London 1654: Kit Lovell is one of the King’s men, a disillusioned Royalist who passes his time cheating at cards, living off his wealthy and attractive mistress and plotting the death of Oliver Cromwell.
Penniless and friendless, Thamsine Granville has lost everything. Terrified, in pain and alone, she hurls a piece of brick at the coach of Oliver Cromwell and earns herself an immediate death sentence. Only the quick thinking of a stranger saves her.
Far from the bored, benevolent rescuer that he seems, Kit plunges Thamsine into his world of espionage and betrayal – a world that has no room for falling in love.
Torn between Thamsine and loyalty to his master and King, Kit’s carefully constructed web of lies begins to unravel. He must make one last desperate gamble – the cost of which might be his life.
Publisher and Release Date: Escape Publishing Sept 2015
Time and Setting: London, 1654
Genre: Historical Romance
Heat Level: 2
Reviewer Rating: 4.5 stars
Review by Wendy
The English Civil War is a period of history I have only recently become interested in, largely thanks to the superb novels set during that time by the British author Stella Riley, who is, in my opinion, one of the best historical fiction/historical romance writers out there. Alison Stuart wasn’t previously on my radar, but now I’ve read The King’s Man, I’m definitely going to seek out more of her books.
Christopher Lovell – Kit to his friends – is disenchanted, disillusioned and fed up with life and the seemingly endless war he is covertly fighting. He appears to his cohorts to be The King’s Man. However, he is playing a nefarious double game not of his making, which involves him risking his life on a daily basis. Captain Lovell fought bravely, heroically and loyally at the Battle of Worcester on the side of the crown; and when seriously wounded and at a very low ebb, he is coerced into spying against his comrades by John Thurloe, Cromwell’s spymaster and Secretary of the Council of State. Kit’s reasons for capitulating do not become apparent until fairly near the end of the story, but suffice to say that he turns traitor against Charles Stuart (later King Charles II) who is now living in exile in France. Kit is a charismatic, handsome, devil-may-care character and very attractive to the ladies. Alison Stuart has done an excellent job in her characterisation of this man who apparently lives without scruples, lives off his attractive young mistress, cheats at cards and betrays his fellow cavaliers; and yet I still found it easy to like and admire him and to hope for his triumph over adversity.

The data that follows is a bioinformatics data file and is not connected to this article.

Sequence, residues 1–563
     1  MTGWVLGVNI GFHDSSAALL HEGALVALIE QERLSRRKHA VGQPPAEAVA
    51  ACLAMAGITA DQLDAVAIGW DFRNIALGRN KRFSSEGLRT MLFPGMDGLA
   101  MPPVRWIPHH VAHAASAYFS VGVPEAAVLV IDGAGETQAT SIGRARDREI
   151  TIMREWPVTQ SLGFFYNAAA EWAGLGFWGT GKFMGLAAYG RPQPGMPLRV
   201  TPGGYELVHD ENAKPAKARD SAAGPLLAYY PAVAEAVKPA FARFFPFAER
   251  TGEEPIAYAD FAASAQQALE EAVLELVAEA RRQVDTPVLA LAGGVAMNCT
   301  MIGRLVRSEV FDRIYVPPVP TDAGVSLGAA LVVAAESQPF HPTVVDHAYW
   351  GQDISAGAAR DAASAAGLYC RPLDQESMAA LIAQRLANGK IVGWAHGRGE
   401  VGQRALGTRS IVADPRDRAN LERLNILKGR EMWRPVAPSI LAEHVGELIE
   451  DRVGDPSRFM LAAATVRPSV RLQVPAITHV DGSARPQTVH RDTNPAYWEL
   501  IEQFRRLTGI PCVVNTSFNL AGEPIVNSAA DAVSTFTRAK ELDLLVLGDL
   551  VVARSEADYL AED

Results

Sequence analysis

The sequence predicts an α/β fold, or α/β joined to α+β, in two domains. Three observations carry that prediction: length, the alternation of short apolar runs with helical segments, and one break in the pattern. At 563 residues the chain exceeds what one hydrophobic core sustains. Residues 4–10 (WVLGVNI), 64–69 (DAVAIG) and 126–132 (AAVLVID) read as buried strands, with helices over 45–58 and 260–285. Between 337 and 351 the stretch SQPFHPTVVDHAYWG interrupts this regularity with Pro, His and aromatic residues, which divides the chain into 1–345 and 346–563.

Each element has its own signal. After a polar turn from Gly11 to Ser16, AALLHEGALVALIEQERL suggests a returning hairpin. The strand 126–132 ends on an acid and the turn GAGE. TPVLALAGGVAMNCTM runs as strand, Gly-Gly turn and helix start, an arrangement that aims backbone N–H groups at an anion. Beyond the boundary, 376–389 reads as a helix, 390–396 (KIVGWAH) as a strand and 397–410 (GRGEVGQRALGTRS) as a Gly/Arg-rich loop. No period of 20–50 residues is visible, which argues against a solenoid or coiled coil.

Thamsine Granville, a gently bred young lady and heiress is running away from the cruel, sadistic man that her dying Father was browbeaten into betrothing her to. Desperate to evade her pursuer, Thamasine is saved from a potentially fatal situation by Kit, after which they go their separate ways only to meet again later that day, apparently by accident. Thamsine really has hit rock bottom and is in the process of prostituting herself in her desperation to survive, when her knight in shining armour saves her again. Kit takes her to a friend’s inn where he arranges for her to work for bed and board. Thamsine is grateful, as Kit planned she would be, and is already a little in love with him; he however, is working under orders from John Thurloe and has been instructed to reel her in and set her up for use as another unwilling spy.
The ensuing story is rich in detail and intrigue as it also charts the growing of an unlikely love between the two main protagonists. Thamsine finds the barely visible, honourable side of Kit Lovell, hidden beneath his cynical, couldn’t-care-less, exterior. Her innocent goodness is his salvation and I liked how she helps him to care again and also to achieve redemption.
There are brutal scenes of attempted rape, downright wickedness, high drama, anguish and tender love. Alison Stuart paints a richly eloquent picture of the seedy backstreets of London, the Tower of London – where both Kit and Thamsine spend time as inmates – then across the channel to the court of the exiled Charles and back again, culminating in a shocking and dramatic conclusion that I did not see coming. As far as Kit and Thamsine are concerned, after their tumultuous roller coaster of a ride, they do at least get their HEA but the story is then left hanging and I can only suppose, without adding a spoiler, that this slightly unsatisfactory ending will be the subject of the next book in this series. I enjoyed The King’s Man on the whole although it is a story that leaves the reader feeling slightly emotionally exhausted. Nevertheless I’m looking forward to the next in the series and will read it as soon as it is available.